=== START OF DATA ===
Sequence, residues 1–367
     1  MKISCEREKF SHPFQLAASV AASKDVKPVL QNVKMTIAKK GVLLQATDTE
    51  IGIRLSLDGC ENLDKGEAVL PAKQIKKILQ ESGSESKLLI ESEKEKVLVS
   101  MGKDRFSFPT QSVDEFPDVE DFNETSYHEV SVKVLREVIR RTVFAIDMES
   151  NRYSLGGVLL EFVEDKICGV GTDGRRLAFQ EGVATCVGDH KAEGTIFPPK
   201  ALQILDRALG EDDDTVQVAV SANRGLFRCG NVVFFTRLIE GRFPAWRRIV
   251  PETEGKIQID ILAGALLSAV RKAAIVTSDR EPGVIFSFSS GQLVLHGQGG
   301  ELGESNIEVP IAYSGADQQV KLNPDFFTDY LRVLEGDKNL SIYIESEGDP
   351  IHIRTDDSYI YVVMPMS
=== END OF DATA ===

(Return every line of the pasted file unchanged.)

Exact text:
Sequence, residues 1–367
     1  MKISCEREKF SHPFQLAASV AASKDVKPVL QNVKMTIAKK GVLLQATDTE
    51  IGIRLSLDGC ENLDKGEAVL PAKQIKKILQ ESGSESKLLI ESEKEKVLVS
   101  MGKDRFSFPT QSVDEFPDVE DFNETSYHEV SVKVLREVIR RTVFAIDMES
   151  NRYSLGGVLL EFVEDKICGV GTDGRRLAFQ EGVATCVGDH KAEGTIFPPK
   201  ALQILDRALG EDDDTVQVAV SANRGLFRCG NVVFFTRLIE GRFPAWRRIV
   251  PETEGKIQID ILAGALLSAV RKAAIVTSDR EPGVIFSFSS GQLVLHGQGG
   301  ELGESNIEVP IAYSGADQQV KLNPDFFTDY LRVLEGDKNL SIYIESEGDP
   351  IHIRTDDSYI YVVMPMS